Get used to hearing about Gilens and Page. The two political scientists — from Northwestern and Princeton, respectively — have a forthcoming article in the Fall 2014 of Perspectives on Politics*. The article reaches the conclusion that economic elites and interest groups representing business have greater policy influence than the mass public. In the Year of Piketty this finding has already attracted quite a lot of attention. That’s them on The Daily Show above, and Krugman discussed the article a few weeks ago. The BBC declares that article demonstrates that the “US is an oligarchy, not a democracy” and in the authors’ conclusion they argue:
Americans do enjoy many features central to democratic governance, such as regular elections, freedom of speech and association and a widespread (if still contested) franchise. But we believe that if policymaking is dominated by powerful business organisations and a small number of affluent Americans, then America’s claims to being a democratic society are seriously threatened.
I don’t find the overall message to be very surprising — although there are some possible issues with their empirical strategy — and because I don’t particularly care if the U.S. clears the bar of some technical definition of democracy. But I still take issue with this kind of conclusion. Democracy is not measured by policy outcomes and is not defined by where the balance of power in society lies at any particular moment. If a representative democracy represents some groups better than others that does not mean it is not a representative democracy. Or, as I put it a few years ago:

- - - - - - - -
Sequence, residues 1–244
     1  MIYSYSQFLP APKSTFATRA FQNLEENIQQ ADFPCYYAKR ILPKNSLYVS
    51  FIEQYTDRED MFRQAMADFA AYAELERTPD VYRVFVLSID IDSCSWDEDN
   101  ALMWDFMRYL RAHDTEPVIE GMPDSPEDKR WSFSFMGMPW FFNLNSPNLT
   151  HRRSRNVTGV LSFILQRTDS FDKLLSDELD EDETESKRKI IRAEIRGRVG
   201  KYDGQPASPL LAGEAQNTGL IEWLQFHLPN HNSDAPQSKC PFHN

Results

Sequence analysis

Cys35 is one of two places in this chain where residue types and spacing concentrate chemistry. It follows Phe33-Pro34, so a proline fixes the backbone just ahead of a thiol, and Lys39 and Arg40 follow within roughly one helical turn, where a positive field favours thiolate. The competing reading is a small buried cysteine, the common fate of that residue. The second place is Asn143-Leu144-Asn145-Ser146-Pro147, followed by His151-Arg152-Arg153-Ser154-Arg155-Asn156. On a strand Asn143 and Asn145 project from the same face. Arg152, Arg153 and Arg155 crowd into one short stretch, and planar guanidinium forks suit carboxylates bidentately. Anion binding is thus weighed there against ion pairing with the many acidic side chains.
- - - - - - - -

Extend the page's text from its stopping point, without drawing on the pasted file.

The fact is that “democracy” is a catch-all word that describes a host of political institutions which are similar only in that they aggregate the preferences of their citizens through some type of electoral process which is guided (and constrained) by previously established law. “Democracy” is decidedly not a description of a set of particular outcomes favored by the technocratic center-left … Given that, it is not completely clear to me that the U.S. has lost its ability to function; conflicting interests, partisanship, gamesmanship, interest group lobbying, rent capture, and vituperative campaigns are all par for this course, not evidence that things have gone horribly awry.
The desire to declare outcomes that we normatively prefer as “democratic” and outcomes that we do not prefer as “non-democratic” is ahistorical and, I believe, damaging. We need to accept the fact that no political regime is perfect. We need to accept the fact that economic inequality is not only possible but likely in a “true” democracy, as are plenty of other bad outcomes including war, slavery, patriarchy, discrimination, censorship, and environmental degradation. Among other reasons, this is why constitutions are so important.
The Gilens and Page results are interesting and useful. Folks should absolutely read the paper and take it seriously. But wild extrapolations from the results are not trustworthy. The true message of the paper is this: Democracy is not magic. I’ve said it before and I’m sure I’ll say it again. The U.S. is a democracy. If you don’t like certain outcomes in the U.S. then you don’t like democratic outcomes.
*Disclosure: Perspectives on Politics is edited by one of my colleagues at Indiana University, my academic home, and has published my work in the past.
By Kindred Winecoff